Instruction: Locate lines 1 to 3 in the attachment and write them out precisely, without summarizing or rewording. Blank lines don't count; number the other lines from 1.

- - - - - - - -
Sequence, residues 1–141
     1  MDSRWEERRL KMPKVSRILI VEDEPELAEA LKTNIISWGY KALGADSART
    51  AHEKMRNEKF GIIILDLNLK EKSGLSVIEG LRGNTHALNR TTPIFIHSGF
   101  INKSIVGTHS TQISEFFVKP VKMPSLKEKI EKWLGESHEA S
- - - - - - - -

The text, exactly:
Sequence, residues 1–141
     1  MDSRWEERRL KMPKVSRILI VEDEPELAEA LKTNIISWGY KALGADSART
    51  AHEKMRNEKF GIIILDLNLK EKSGLSVIEG LRGNTHALNR TTPIFIHSGF